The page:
Our latest posts
Ever wondered what a neutron star would look like up close? Here is your answer!
Millisecond pulsars haven’t been observed to spin faster than ~700 Hz — if they don’t fly apart until ~1 kHz, why haven’t we found any faster specimens?
It is difficult to tell if planets embedded in their natal protoplanetary disks are migrating closer to their stars. The authors of today’s paper devise a new observational signature to figure that out.
In today’s posts we discuss observations of a super dense, massive and old proto-cluster and what it means to the Universe’s history
Today, let’s take a look at the connection between planetary system types and host star metallicities.
Do we really understand how black holes grow? Using new methods to run high resolution simulations, the authors of this paper investigate the evolution of gas near a supermassive black hole – and their results have serious implications for the models commonly used in cosmological simulations.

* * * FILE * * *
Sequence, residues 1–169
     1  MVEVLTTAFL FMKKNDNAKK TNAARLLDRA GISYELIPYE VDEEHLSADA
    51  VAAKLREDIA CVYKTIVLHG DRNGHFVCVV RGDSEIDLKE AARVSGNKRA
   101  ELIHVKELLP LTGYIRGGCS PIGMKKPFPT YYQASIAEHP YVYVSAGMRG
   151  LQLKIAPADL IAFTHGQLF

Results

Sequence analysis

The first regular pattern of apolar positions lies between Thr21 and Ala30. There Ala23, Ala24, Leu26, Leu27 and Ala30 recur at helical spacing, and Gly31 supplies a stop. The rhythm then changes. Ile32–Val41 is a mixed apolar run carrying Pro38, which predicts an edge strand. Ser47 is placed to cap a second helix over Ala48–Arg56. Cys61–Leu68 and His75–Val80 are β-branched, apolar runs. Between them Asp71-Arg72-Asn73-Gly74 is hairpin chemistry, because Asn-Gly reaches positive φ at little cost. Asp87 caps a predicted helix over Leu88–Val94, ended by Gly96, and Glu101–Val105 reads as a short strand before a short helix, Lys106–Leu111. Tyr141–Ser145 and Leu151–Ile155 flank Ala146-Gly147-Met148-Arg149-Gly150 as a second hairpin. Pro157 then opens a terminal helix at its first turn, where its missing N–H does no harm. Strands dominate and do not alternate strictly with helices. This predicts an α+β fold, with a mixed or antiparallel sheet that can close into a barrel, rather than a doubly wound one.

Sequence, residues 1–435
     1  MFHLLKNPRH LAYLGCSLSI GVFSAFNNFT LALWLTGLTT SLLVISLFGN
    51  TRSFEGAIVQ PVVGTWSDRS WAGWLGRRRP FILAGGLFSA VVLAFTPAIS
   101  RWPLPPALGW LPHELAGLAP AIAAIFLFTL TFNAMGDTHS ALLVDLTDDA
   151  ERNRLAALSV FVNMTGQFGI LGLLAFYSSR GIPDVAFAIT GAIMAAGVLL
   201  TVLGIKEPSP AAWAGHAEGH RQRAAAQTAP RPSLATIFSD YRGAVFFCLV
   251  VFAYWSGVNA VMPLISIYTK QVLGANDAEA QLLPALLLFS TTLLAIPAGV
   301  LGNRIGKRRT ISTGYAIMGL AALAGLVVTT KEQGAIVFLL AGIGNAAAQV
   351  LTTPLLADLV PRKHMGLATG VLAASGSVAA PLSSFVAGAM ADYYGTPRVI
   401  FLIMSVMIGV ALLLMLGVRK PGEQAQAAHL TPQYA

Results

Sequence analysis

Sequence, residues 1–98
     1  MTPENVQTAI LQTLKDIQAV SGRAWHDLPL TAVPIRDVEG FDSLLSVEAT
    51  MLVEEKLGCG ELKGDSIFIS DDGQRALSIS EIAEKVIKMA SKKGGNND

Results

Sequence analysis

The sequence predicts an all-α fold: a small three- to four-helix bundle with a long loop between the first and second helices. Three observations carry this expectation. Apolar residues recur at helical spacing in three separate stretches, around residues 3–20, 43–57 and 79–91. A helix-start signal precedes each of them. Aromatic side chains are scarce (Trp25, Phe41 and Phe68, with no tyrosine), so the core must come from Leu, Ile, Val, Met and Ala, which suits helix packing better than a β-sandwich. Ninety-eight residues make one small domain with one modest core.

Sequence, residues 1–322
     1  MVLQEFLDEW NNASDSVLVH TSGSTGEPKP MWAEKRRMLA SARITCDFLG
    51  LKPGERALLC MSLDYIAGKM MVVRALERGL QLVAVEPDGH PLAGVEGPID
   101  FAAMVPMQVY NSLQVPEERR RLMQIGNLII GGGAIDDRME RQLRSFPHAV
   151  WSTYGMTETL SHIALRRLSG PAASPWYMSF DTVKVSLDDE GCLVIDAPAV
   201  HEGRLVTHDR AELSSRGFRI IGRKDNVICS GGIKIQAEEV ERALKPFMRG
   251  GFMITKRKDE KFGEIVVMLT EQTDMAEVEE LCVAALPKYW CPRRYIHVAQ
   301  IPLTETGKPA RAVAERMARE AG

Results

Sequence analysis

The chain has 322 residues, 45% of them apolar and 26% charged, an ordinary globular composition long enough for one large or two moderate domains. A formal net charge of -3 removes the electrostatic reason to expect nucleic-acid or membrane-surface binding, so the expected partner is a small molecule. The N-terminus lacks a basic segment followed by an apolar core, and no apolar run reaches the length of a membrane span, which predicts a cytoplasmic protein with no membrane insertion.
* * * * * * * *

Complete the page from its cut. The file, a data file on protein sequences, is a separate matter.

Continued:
Astronomy beyond the research
In light of the October 30 ruling on the Thirty Meter Telescope, a review of modern astronomy on Mauna Kea seems warranted. This post came out of the Astrobites Policy Committee, which focuses on science and the government.
Love astronomy and astrophysics? Come join the Astrobites team and apply to write with us! Applications due Nov. 15.
Do you want to tell the undergraduates in your department about Astrobites? We have a poster for that!
Navigating careers in astronomy
Do you feel lost reading papers? Try reading a review article or a classic paper first!
Today we explore how to handle grad school rejection, with different career paths and anecdotes from similar experiences.
In today’s Astrobite, we consider suggestions for establishing a personal definition of success in astronomy.